Southeastern peanut growers will have several new products to choose from for the 2001 production season, including a long-awaited broadleaf herbicide and a plant growth regulator.
The Environmental Protection Agency approved the use of the herbicide flumioxazin or Valor in April — just in time for this year's crop. Valor, which is produced by Valent U.S.A., is especially effective against Florida beggarweed — the primary weed problem in Southeastern peanut fields.
Valor is a 51-percent WDG formulation with a recommended use rate of three ounces per acre, says Eric Prostko, University of Georgia Extension weed scientist. The labeled rate is two to three ounces per acre, but Georgia is recommending three ounces for controlling Florida beggarweed, says Prostko.
Do not incorporate
“Another key point to remember about Valor is that it's a pre-emergence herbicide. It should not be incorporated, and it should be applied within three days of planting. If you exceed the three-day planting window, you possibly could get crop injury. If the peanuts are even remotely close to cracking, you don't want to put out Valor because it'll burn the peanuts. Ideally, Valor should be put out immediately after planting and watered in with irrigation,” he says.
Valor's mode of action can be described as a “cell membrane disrupter,” notes Prostko. “This mode of action is similar to other products in peanuts such as Blazer. Valor is not an ALS inhibitor like Cadre, Strongarm, Pursuit and Classic. It hasn't been over-used in any crops.
“There are no rotation restrictions for this herbicide. One of our biggest issues in Georgia is planting cotton after peanuts, and that's not a problem with Valor. This herbicide also won't cause any problems if you're planting corn or vegetable crops.”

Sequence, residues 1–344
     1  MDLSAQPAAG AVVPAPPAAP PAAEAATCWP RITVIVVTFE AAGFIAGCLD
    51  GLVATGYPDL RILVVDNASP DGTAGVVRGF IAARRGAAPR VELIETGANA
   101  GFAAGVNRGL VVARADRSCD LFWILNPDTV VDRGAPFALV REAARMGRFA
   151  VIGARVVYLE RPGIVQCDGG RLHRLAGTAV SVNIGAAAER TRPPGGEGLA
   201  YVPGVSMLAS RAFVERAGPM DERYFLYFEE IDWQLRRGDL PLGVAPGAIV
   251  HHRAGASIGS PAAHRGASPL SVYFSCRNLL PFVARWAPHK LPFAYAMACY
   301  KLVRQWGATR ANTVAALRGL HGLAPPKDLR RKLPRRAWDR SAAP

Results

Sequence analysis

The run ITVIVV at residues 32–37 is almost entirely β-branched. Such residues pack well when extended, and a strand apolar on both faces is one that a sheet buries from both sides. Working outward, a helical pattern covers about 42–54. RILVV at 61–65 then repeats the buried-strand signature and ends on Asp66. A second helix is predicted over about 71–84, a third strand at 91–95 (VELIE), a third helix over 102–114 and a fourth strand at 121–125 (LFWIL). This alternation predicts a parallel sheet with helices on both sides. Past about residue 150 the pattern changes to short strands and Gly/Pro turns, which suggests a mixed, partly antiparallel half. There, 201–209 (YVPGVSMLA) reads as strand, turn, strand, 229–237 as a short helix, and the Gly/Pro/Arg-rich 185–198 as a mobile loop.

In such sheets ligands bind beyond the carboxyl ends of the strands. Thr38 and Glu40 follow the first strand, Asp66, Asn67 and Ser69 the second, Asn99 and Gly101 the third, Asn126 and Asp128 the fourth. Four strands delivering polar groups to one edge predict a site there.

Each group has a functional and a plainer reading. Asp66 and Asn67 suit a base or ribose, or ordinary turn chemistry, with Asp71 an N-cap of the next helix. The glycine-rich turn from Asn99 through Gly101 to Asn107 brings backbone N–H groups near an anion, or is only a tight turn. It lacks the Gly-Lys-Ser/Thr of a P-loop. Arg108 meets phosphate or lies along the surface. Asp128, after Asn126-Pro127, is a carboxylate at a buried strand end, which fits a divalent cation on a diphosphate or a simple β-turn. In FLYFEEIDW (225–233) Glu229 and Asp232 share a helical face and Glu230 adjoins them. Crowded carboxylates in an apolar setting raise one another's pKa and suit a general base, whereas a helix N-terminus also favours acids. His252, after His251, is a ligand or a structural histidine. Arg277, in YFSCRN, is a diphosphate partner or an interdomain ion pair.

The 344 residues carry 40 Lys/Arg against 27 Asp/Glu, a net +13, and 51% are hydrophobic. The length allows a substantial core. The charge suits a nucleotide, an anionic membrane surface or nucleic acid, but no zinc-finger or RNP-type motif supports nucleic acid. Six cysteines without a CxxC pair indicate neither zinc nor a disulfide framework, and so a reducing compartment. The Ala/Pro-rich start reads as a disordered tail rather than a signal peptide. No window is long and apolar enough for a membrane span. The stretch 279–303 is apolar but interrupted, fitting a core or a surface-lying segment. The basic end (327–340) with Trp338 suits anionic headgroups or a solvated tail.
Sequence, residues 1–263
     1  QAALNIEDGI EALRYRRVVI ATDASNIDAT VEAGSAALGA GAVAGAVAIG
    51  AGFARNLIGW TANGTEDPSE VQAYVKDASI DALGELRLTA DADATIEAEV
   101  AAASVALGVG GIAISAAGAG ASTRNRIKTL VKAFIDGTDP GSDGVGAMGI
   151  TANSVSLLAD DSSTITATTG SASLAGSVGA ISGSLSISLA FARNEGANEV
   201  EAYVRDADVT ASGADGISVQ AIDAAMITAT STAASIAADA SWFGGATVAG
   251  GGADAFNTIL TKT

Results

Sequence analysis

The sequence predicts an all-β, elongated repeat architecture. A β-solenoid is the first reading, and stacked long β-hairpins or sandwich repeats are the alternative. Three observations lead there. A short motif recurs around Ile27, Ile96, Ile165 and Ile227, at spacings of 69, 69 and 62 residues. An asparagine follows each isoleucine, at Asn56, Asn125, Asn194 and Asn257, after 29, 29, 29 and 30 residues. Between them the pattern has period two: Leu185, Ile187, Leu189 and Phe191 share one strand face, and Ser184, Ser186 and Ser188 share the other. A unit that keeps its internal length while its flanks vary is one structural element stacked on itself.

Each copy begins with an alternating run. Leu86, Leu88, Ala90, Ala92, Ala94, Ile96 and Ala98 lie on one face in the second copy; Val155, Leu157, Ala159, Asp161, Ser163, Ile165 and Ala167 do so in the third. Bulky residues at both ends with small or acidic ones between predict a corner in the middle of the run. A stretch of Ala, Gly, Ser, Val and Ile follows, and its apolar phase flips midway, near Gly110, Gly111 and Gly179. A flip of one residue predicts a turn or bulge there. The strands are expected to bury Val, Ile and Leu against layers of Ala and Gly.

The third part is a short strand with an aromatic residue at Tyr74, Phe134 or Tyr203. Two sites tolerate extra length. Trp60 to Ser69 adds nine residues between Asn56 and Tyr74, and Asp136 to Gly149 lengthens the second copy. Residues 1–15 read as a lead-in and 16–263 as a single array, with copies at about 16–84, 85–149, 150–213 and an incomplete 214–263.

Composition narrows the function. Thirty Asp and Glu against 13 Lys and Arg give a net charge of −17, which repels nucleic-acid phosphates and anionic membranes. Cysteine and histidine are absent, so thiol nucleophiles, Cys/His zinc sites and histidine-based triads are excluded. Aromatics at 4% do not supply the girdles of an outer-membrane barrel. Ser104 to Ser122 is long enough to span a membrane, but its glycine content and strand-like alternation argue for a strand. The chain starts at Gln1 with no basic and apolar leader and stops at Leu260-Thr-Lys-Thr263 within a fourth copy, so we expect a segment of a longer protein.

Growers can expect about four to six weeks of residual control from Valor for most broadleaf weeds under optimum conditions, says Prostko. For Florida beggarweed, residual control should be closer to six to eight weeks, he adds.
“In some of our research, we've seen full-season beggarweed control. It depends on how severe the weed problem might be. In the Southeast, many of our fields have extremely high beggarweed populations. Using Valor won't guarantee that you'll never see another beggarweed, but it's the most consistent product we've seen against beggarweed in peanuts,” he says.
Valor also is effective against tropic croton in peanuts, says Prostko. The herbicide's weaknesses include purple and yellow nutsedge and cocklebur, he says.
At the three-ounce rate, Valor will cost about $15 to $16 per acre, he notes. “This product will be a good option for those growers who are having problems controlling beggarweeds in their peanut fields. It'll also work for those growers who need general broadleaf weed control, and who don't want to worry about rotation restrictions. This product offers flexibility to those peanut farmers who also grow vegetables.”